Flux core solder- Flux is the element used to reduce the oxidized metals to their metallic state. It is in essence a reducing agent that undoes the effects of oxidization. Rosin-coated solder on the other hand is a type of flux extracted from the sap of pine trees and exhibits various electrical characteristics depending on its temperature. In its natural state, it does not conduct electricity and is non-corrosive. However, at higher temperatures, it becomes corrosive and has the ability to reverse oxidization in metals.
FR4- This is the base material that gives a PCB its thickness. For most printed circuit boards, this is usually fiberglass or kapton. The substrate, often known as FR4, gives the PCBs the rigidity required to hold several components in place. The thickness and weight of the substrate will vary from one manufacturer to the other.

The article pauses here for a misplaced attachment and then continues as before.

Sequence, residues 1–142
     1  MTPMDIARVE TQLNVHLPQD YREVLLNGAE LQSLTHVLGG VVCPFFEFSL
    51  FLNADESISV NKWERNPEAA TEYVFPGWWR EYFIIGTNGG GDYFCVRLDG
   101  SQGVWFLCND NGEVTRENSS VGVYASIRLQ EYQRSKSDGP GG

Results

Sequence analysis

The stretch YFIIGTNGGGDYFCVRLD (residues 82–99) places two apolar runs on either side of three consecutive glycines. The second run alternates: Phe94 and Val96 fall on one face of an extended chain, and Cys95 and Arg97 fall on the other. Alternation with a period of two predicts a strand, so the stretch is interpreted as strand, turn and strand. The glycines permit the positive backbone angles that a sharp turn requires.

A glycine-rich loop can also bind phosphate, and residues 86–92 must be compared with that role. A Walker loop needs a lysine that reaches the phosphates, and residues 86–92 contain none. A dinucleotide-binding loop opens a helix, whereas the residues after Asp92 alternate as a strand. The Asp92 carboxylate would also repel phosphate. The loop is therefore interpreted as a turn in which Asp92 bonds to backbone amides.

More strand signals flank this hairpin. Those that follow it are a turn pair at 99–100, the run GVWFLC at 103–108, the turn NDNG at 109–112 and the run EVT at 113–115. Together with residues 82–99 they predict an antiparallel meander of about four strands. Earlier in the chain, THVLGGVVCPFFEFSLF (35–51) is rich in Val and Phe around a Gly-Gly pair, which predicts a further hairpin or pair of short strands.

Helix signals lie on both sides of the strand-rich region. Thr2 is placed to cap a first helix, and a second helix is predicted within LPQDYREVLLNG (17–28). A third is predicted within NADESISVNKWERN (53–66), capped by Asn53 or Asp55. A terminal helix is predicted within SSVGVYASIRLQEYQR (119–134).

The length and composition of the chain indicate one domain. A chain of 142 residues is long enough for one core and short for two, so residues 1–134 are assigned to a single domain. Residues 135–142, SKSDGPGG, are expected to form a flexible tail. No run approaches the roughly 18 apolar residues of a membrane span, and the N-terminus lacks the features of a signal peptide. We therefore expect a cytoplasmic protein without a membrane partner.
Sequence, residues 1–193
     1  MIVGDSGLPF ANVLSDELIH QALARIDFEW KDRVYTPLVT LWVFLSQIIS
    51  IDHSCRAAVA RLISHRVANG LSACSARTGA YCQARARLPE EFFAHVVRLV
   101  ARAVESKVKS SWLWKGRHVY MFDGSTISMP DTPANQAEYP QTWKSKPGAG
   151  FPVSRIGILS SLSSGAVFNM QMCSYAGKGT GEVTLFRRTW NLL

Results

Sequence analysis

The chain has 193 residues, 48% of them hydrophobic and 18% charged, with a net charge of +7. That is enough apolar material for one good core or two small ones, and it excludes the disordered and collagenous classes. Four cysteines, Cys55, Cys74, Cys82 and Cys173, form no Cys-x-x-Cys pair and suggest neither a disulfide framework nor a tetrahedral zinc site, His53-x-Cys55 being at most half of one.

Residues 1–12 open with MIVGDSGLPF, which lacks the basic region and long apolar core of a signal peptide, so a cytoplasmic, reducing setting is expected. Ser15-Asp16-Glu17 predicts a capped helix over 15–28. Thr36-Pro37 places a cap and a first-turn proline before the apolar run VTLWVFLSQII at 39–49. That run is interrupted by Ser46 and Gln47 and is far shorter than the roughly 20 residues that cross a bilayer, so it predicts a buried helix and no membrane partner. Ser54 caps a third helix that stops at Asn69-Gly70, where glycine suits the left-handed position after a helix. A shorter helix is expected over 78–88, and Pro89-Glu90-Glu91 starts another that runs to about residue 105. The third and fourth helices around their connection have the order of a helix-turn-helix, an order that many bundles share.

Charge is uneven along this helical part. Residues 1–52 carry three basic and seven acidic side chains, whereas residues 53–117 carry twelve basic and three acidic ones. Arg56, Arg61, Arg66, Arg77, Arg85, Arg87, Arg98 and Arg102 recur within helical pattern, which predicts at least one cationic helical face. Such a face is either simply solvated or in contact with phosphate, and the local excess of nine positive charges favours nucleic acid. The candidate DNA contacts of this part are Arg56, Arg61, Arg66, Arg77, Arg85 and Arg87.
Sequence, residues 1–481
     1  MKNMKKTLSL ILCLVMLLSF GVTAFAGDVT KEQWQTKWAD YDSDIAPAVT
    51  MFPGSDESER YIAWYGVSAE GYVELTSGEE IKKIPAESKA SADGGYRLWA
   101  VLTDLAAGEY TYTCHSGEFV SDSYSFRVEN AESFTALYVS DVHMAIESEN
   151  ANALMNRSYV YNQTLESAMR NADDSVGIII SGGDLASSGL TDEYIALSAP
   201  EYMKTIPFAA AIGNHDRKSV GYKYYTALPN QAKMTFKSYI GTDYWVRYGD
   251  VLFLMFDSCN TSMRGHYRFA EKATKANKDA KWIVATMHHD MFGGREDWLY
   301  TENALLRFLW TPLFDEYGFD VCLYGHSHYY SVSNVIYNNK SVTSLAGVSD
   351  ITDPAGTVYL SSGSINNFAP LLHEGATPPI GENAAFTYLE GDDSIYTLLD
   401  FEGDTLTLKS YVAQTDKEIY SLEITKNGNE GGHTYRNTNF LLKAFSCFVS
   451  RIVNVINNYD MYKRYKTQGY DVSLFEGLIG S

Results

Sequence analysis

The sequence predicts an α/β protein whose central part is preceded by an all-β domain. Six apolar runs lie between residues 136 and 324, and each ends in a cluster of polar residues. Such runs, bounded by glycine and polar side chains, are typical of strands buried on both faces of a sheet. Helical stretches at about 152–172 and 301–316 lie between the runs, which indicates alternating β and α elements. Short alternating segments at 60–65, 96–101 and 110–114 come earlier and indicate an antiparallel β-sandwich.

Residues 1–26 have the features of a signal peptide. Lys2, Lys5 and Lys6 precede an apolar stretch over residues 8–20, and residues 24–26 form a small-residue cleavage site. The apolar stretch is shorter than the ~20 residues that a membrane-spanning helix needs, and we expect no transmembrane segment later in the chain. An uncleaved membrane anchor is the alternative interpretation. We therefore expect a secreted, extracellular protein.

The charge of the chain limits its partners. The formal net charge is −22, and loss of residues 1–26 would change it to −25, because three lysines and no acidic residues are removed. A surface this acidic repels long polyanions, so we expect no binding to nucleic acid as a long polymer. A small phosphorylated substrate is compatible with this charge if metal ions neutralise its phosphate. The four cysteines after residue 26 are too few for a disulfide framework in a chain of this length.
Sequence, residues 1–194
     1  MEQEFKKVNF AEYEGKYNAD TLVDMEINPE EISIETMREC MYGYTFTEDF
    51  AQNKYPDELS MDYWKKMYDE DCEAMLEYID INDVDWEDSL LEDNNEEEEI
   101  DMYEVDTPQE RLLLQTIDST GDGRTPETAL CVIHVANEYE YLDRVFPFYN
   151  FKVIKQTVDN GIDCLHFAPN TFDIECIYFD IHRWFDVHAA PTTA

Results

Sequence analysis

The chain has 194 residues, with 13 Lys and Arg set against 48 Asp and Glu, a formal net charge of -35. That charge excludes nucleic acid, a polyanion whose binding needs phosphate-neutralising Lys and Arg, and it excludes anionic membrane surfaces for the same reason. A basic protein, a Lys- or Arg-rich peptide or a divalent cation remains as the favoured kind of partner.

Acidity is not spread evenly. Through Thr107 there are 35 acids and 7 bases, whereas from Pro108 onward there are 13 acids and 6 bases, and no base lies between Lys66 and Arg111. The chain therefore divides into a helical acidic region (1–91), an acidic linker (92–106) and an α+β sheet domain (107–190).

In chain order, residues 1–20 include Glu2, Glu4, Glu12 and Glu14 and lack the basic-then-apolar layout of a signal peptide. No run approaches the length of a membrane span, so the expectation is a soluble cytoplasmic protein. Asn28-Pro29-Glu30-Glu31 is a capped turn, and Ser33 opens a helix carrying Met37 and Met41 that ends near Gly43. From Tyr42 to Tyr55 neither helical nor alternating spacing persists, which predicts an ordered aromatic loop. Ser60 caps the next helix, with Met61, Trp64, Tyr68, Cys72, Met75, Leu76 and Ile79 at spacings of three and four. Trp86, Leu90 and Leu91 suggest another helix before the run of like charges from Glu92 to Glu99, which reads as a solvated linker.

Fumes- This is a significant health hazard present in the use of solder. When lead is heated, it turns to lead oxide and through naturally occurring can cause serious health problems..The elements contained in solder and flux coating in solder cause dangerous fumes once exposed to temperatures above a certain level. Resin for example turns to a wide range of toxic gases that have been known to cause respiratory problems especially if one is exposed consistently to the fumes for a significant period of time.
Fire hazard- This is perhaps the most significant potential risk in soldering that may arise as a result of electrical failures. Soldering iron contain e heat resistive element through which an electric current is passed. Failure in this or another component of the iron could cause a fire. Fires could also result from any other point within the electrical connection.
Flux residue- This is an impurity present in a solder joint that arises from contamination related to use of flux in soldering.